Baba au rum? Also try a baba au mezcal (and other babas)

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You’ve probably heard of baba au rhum, but when we saw a baba au mezcal pop up recently, we didn’t know how fast we had to taste it. What turned out? Delicious, of course. This got us thinking: what more babas can you make?

The baba au rhum is already a very old cake. Italy expert Saskia Balmaekers already wrote on Culy about the history of the baba , which is seen as a real Neapolitan delicacy, but is said to have originated in Poland. It would have ended up in Italy via France. Hence the term “baba” in France always refers to baba au r(h)um.

Infused with rum

Characteristic of a baba au rhum is in any case its mushroom-shaped appearance. This pastry is given by the special mold in which it is baked.

Also characteristic is of course – the name says it all – the rum. This does not go through the dough, but is added to a sugar syrup that goes over the cakes after baking. You get the idea: that makes them dangerously tasty. If you want to soak the cakes completely with rum, then store them in a jar with the rum syrup. So in strong water. They suck themselves full of the drink like tasty sponges.

What’s the best rum to use? Dark rum, that’s how the recipes prescribe.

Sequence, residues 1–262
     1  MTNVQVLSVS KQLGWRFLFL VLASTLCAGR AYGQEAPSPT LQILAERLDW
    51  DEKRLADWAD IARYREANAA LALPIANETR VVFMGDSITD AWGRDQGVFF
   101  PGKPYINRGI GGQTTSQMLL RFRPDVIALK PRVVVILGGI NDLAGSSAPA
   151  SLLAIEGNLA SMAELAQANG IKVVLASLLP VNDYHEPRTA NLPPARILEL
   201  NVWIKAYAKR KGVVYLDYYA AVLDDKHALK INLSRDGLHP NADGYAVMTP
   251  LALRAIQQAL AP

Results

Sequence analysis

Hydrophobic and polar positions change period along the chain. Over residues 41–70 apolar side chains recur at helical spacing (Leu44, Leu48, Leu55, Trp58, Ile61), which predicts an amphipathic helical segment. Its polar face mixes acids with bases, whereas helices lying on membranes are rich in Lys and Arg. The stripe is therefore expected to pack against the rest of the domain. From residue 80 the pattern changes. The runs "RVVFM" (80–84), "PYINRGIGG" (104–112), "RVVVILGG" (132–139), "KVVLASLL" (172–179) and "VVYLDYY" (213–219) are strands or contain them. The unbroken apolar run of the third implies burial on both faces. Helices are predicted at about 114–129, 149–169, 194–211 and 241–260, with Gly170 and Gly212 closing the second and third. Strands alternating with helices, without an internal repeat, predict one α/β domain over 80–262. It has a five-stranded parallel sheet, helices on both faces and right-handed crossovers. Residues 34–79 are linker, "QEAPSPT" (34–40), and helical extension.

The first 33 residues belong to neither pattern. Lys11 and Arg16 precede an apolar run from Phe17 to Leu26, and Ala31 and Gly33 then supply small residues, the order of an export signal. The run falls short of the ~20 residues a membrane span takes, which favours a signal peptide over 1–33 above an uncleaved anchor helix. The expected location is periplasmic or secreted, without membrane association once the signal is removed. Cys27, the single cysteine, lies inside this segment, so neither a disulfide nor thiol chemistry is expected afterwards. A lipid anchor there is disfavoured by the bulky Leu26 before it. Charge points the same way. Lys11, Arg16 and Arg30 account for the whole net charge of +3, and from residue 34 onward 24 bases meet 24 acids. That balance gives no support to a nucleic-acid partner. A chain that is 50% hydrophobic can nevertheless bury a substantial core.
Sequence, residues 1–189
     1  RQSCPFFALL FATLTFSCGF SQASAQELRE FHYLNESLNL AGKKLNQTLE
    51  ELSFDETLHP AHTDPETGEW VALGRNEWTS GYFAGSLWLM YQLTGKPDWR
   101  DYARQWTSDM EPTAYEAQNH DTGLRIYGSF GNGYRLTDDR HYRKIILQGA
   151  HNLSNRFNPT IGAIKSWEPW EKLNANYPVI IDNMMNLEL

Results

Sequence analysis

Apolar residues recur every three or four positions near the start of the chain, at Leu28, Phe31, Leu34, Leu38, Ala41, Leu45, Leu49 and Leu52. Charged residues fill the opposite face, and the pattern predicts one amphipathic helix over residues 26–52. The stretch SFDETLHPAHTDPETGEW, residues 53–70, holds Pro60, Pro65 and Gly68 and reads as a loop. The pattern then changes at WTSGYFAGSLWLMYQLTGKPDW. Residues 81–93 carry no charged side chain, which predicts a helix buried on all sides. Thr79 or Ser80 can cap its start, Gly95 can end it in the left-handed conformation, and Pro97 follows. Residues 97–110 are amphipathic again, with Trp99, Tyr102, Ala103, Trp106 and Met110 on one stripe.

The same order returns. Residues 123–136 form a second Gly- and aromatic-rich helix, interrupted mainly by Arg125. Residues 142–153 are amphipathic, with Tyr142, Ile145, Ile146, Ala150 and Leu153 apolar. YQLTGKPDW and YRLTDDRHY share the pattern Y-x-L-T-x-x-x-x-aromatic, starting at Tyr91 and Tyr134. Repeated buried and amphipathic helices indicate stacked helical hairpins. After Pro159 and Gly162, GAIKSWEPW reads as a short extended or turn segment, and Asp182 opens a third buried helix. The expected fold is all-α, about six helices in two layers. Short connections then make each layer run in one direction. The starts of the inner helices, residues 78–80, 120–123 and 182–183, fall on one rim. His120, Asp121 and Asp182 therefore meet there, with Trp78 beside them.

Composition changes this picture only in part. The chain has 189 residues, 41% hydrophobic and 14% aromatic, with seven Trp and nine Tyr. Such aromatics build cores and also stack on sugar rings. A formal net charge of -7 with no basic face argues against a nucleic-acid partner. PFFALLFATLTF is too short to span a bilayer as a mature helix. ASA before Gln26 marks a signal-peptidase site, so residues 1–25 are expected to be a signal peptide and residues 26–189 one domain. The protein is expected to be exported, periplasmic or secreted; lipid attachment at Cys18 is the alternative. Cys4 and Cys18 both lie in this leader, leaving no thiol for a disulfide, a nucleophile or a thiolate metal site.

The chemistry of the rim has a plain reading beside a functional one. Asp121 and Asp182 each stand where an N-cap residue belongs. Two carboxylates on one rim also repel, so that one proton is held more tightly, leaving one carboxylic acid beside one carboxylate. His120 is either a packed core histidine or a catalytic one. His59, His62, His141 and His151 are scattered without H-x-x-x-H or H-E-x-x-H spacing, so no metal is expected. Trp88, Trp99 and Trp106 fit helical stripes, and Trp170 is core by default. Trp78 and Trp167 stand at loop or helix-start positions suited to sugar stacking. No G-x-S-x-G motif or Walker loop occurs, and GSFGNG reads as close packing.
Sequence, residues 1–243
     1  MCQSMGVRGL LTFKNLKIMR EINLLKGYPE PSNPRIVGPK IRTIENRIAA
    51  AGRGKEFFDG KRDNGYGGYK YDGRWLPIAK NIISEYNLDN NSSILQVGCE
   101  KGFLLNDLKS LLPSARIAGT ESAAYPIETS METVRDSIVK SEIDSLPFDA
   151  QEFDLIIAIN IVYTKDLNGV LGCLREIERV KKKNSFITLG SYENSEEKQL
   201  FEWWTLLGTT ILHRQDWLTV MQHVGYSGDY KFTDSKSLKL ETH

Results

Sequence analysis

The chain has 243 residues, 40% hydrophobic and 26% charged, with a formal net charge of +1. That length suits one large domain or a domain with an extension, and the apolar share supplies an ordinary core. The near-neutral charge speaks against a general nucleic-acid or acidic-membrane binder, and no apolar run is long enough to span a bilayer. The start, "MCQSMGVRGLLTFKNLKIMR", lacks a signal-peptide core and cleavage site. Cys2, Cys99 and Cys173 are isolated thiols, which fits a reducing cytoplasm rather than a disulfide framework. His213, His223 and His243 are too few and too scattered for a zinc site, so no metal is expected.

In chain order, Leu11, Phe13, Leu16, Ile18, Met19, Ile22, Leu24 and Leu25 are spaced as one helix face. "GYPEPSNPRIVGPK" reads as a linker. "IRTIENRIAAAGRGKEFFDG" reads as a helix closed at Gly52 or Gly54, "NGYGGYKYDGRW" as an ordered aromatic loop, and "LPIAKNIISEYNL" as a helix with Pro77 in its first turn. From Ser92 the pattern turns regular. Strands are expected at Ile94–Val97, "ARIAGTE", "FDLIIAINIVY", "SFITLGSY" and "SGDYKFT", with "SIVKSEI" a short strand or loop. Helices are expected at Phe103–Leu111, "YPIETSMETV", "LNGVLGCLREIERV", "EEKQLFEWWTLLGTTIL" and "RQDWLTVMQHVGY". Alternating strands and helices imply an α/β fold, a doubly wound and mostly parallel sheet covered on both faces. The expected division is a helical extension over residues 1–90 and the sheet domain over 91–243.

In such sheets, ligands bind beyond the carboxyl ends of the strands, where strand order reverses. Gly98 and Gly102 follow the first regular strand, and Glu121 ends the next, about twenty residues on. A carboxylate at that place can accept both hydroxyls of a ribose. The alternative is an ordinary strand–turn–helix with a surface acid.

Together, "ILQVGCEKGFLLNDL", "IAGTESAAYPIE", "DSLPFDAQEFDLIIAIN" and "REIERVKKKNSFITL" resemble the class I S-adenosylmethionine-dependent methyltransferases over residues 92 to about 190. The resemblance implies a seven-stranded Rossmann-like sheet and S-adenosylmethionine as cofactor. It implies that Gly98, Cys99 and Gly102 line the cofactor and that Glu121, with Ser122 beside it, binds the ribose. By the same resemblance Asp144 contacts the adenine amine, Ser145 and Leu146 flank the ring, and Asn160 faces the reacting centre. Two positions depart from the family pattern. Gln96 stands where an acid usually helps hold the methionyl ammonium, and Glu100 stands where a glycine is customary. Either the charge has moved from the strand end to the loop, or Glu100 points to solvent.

Baba au mezcal and Baba au champagne

In addition to the classic version with rum, the version with limoncello seems to be just as popular in Naples. But there are even more variants within the baba family. For example, restaurant Terroir in Utrecht has a baba au mezcal on the menu. Trust us, the sweet baba and the smoky mezcal are a great combo, especially with the blood orange bits and a pinch of allspice they add.

Or how about a baba au champagne? A little leftover champagne, cava or prosecco is perfect to add to the syrup you’re soaking your babas in. Imagine how festive that sounds at the holidays or during a dinner party.

Non-alcoholic baba

Do you want to make a baba without rum – or other alcohol? Which can. Then season the sugar syrup with spices for a nice kick. Think vanilla, cardamom, cinnamon, cloves and/or star anise.

This blogger makes an alcohol-free baba with a syrup of orange juice, nutmeg and cinnamon. And to top it off, a lick of orange marmalade. Or how about a baba with passion fruit syrup ?

Always delicious with a baba au rhum: a dollop of whipped cream. Especially if you serve the pastry lukewarm, with a dollop of cold cream on top.


Source: Culy by culy.nl
*The article has been translated based on the content of Culy by culy.nl If there is any problem regarding the content, copyright, please leave a report below the article. We will try to process it as quickly as possible to protect the rights of the author.

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